A few years ago, I returned home with a self-satisfied smile. I had just donated five pairs of running shoes to an organization that would deliver them to needy people. It was a special moment because I had decided not to ask for a receipt. Taxes played no role in my generosity. Then I kicked myself. They were junk shoes, worn out by my standards, good for gardening and other chores, not much else.
A couple days after my generosity, I got kicked again. National Public Radio interviewed a marathoner (perhaps it was "Barefoot Ted," mentioned in "Born to Run") who planned to run the Boston Marathon barefoot. He claimed he’d run 12,000 miles shoeless with less damage to his feet than the black toenails he lost and blisters he suffered when he ran a marathon wearing shoes. And reportedly he’s on a mission, recruiting others to join his campaign against the technology that has turned our feet into soft, sensitive tissue. Humans have run barefoot for years, says he, and we’re intended to do so. According to him, we can train ourselves to run barefoot, on all kinds of surfaces, even pavement, by running more softly and using our knees to help cushion each landing.
So I donated my beat-up shoes to some poor souls who may already know how to walk and run much better than I. Congratulations. Will they have me to thank for plantar fascitis and sore backs?
My little gift teleported me to the Third World, where people live on a few dollars a day. For years I assumed they would and should envy the lifestyle we enjoy in America, and we have a responsibility, in our goodness, to make it available to them. Of course, it would help them and bring them true happiness, too.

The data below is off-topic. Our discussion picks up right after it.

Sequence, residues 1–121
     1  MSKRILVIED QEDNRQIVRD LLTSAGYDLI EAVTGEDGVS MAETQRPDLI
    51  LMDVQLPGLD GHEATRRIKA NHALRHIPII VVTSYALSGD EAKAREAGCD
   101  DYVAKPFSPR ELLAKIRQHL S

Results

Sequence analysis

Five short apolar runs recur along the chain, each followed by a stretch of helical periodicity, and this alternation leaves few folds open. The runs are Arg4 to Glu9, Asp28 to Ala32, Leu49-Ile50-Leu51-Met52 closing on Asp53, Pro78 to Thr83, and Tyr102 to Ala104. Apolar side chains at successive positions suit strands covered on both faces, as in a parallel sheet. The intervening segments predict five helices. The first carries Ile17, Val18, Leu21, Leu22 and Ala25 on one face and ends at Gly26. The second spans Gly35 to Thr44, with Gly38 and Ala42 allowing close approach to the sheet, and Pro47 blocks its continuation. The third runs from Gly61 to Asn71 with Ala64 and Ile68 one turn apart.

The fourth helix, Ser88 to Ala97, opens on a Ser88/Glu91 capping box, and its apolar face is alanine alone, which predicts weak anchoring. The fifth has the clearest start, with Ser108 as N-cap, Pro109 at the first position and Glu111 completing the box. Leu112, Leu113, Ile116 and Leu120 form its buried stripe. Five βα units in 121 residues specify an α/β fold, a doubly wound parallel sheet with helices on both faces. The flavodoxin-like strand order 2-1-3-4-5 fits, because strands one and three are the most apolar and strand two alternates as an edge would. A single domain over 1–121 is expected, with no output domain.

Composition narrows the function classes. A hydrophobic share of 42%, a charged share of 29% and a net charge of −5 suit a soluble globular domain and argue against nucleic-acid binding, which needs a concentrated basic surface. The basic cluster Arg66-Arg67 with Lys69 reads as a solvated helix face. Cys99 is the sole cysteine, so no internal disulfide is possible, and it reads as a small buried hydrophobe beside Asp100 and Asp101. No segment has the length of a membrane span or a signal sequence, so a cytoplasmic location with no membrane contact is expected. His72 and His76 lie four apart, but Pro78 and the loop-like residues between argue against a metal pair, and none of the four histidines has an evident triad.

Then I read a book by Jim Merkle, entitled Radical Simplicity. Merkle asks his readers to picture a bountiful buffet, with all the people on Earth, all six billion of today’s inhabitants, standing in line. Try to picture their descendants behind them. We who got there first are at the very front and have the opportunity to take all we want. But, Merkle warns us, if we take too much, there won’t be enough for all the people waiting in line. What would we do? In fact, what are we doing? And is it good and right to try to coax others to join us?
I’m afraid I haven’t changed my behavior much since I read that book, but my brain cells have done a fair amount of noodling. Wherever I go, I notice an almost endless set of choices. The grocery store offers me a hundred types of morning cereal. I wonder how a person who lives on three dollars a day in Kenya would react if he were taken to our store and told he could buy any one cereal he wanted.
A few years ago, we bought the farm house we now live in and began to rehabilitate it. Many people would have gutted its inside and made everything brand spanking new. We thought about that. Not for long and not because of Merkle’s huge buffet line, but because we like the old craftsmanship and see it as endangered. I couldn’t shake the specter of the buffet, though. Part of me looked at each step we took on this house and asked, “Why can’t we live with this? Someone did a hundred years ago. Why can’t we?” Much too often, a big part of the answer is it might not look good to someone else.
Today, thriftiness experiments are hot. A book entitled On a Dollar a Day was released in February, by a couple who tried for a month to live in San Diego on $1 per day for food -- see
A fellow in San Francisco is trying to avoid riding in a car -- see
Some Seattle folks are not buying any clothes other than underwear -- see
The next time you contemplate buying something, ask yourself, “Why can’t I live with what I already have?” Especially when the answer is something like, “Well, I don’t have a shirt that goes well with these shorts.” Of all those shirts in your drawers and closets, none goes with that pair of shorts?
Virginia says, "You're a fun sucker."
"I know," I say, "but I think it's important to ask these questions."
"I agree," says Virginia, "the key to a better world is hidden in there somewhere."
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